I think I’m finally back in the swing of things. Next time I go away on vacation, I’m definitely scheduling a day off after I get home — I think that would have helped me settle in so much quicker.
And look, I made a dress! It’s the Amelia dress from Green Bee Patterns (it’s about halfway down the page on their site). The dress got a little washed out in the photo, unfortunately. I have a couple that show the dress better, but I have this problem where anytime I’m having my picture taken I sort of reflexively seize up and make a weird face or slouch or flail around just as the shutter clicks. It’s like my superpower or something. So it turned out this was the only one I was willing to show you :)
I had a few, um, adventures making it. I haven’t done a lot of garment sewing before. I’ve made a handful of tops like this one, but all of them relied pretty heavily elastic casings for fit. I’d never sewn a dart or put in an invisible zipper or a handful of other things I learned to do during this project.
So I had to do some unpicking here and there, like when I accidentally skipped a step and sewed up the side seams of the skirt without putting the pockets in first. And the zipper still isn’t right. I really need to undo it and put it in right — it puckers a little bit toward the bottom, and it’s a little bit misaligned at the top. Not enough that someone else would necessarily notice it, but it’s bugging me enough to want to fix it.
One of the adventures was with putting in the zipper. I was so sure I had a low-shank zipper foot. I didn’t actually use it when I made all those boxy bags a while back — I just used my zigzag foot since I’m a rebel that way. Or was too lazy to look for the zipper foot, one or the other. But I had this invisible zipper to put in, and I knew the zigzag foot wasn’t going to cut it. I’d heard terrible things about that janky-looking plastic Coats & Clark invisible zipper foot (and don’t have a good one), but I’d found a tutorial on putting in an invisible zipper with a regular zipper foot, so that was my plan.
But when I looked, I couldn’t find it. I found a high-shank zipper foot, but I don’t have a high-shank machine. (It came in a box of bits from an auction with one of the sewing machines.) I was determined to finish this dress in time to take it with me on vacation, so ordering one online was right out, and nobody locally sells much in the way of presser feet, it turns out. I thought for sure that Joann’s would have that C&C plastic invisible zipper foot, but no. I was working, so I sent Don out on the mission to Joann’s, and they were incredibly rude to him. They ignored him when he first tried to get help, got all snotty and told him to just order it off their web site, and tried to sell him a straight stitch foot which they claimed would work just fine. And none of the couple of independent shops I know of had what I needed.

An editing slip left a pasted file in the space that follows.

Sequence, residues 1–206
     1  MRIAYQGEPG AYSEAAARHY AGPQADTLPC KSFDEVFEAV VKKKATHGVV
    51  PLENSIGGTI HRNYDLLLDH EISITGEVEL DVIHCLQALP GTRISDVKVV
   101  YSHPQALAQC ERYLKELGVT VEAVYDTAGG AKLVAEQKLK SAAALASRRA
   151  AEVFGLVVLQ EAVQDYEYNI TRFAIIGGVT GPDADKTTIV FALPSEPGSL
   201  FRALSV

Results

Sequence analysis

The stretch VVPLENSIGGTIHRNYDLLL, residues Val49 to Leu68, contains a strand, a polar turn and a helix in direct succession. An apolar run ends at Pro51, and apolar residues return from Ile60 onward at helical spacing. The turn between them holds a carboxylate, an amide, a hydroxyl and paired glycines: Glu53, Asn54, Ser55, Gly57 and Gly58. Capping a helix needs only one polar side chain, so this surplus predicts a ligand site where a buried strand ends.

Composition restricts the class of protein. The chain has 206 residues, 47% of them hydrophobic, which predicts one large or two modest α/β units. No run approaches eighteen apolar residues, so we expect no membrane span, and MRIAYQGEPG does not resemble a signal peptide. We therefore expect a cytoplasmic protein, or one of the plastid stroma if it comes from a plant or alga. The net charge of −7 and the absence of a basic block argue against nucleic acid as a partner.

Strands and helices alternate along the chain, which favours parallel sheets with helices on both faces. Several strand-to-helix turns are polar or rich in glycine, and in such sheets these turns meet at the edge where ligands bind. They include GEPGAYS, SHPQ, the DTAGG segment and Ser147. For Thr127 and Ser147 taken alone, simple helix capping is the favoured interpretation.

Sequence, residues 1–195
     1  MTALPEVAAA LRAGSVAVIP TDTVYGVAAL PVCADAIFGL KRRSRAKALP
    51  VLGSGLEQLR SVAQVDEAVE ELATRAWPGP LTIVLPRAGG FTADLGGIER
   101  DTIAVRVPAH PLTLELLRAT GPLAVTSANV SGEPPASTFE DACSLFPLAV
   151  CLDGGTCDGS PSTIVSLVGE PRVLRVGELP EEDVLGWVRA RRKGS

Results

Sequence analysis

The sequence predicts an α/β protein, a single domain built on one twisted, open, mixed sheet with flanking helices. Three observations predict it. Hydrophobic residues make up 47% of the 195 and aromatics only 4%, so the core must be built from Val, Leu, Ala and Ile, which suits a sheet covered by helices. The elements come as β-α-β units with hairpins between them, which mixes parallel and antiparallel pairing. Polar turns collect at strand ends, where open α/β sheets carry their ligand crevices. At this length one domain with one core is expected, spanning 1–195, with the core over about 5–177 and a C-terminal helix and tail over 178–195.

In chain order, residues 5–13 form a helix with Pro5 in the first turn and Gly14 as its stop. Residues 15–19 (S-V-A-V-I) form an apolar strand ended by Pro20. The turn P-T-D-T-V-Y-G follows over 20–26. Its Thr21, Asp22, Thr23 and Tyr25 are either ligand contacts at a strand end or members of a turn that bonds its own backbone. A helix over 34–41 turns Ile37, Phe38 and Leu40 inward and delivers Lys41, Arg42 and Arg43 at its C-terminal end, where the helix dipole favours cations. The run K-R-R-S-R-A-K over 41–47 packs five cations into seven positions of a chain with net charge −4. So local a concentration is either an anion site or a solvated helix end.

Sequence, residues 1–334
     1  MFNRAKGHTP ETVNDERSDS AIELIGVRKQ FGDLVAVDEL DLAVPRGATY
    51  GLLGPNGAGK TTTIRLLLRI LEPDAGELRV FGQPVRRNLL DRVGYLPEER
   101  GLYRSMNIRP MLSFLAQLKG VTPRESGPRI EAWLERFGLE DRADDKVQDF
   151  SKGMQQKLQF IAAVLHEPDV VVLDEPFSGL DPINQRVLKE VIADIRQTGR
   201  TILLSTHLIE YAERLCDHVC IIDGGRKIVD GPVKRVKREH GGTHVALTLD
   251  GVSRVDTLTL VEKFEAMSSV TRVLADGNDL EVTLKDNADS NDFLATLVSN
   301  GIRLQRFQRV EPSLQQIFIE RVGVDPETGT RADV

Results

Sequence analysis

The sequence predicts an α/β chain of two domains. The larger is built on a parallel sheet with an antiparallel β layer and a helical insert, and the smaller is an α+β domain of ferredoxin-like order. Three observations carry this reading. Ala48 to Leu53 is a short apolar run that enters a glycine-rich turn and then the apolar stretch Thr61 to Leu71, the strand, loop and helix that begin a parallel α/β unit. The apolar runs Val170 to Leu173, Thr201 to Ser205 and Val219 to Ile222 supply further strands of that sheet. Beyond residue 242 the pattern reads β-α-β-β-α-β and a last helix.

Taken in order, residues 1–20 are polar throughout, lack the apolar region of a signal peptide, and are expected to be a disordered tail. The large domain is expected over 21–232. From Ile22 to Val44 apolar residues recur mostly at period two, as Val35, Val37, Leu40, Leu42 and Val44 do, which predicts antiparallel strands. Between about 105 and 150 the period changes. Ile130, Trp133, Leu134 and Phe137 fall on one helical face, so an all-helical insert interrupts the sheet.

I had no plans to let lack of the right tools defeat me, so I read some more tutorials and started hand-picking the zipper. I couldn’t find any information on how to do this with an invisible zipper, so I just used the regular zipper instructions but put the stitches right next to the zipper coil.
If I’d kept on with that, I probably wouldn’t need to re-do the zipper now, but it was fairly slow going, so I made one last search. And there it was, in a box I’d looked in twice already — my low-shank zipper foot. I dithered about it for a while, since I was already halfway through hand-sewing the zipper, but then I found a problem in my hand stitching that I was going to have to rip back to fix, and that decided it. I pulled it out and machine-sewed the zipper. Which was fast, but definitely imperfect, so I want to do it over.
I think when I make this pattern again I’m going to either use a regular zipper and hand-pick it so it’s more hidden or else learn to do a lapped zipper. I’m not in a hurry to try sewing an invisible zipper again anytime soon apart from fixing this one.
I have some sort of fit issue that I need to work out, too. Not a major one, but I’ve got a wrinkly bit in the area above the bust, and if I lean far forward the sleeve digs into my arm a bit, but I’ll experiment next time and get it sorted out one way or another. I might make an actual muslin so I can mess around with the fit without worrying about the result being unwearable. (That was the whole point of making this one in inexpensive fabric, but then I decided that I absolutely had to take this one with me, so I didn’t want to experiment too much.)
Even with the fit issues unfixed, this dress is incredibly comfy. I love it and will definitely make it again, probably very soon. And despite my somewhat flawed execution of it, I learned a lot making it and feel much more confident now about making clothing.
Next thing I want to tackle is something from my bag of incredibly unflattering hippie skirts. I have all these skirts in great materials, but they look terrible on me and I never wear them anymore — very full skirts with elastic and/or drawstring waists that make me look like I don’t have an actual waist, and they’re a lot longer than what I like these days. I’ve been wanting to remake them into something more flattering for ages, but I didn’t feel confident about trying before, and now I definitely do.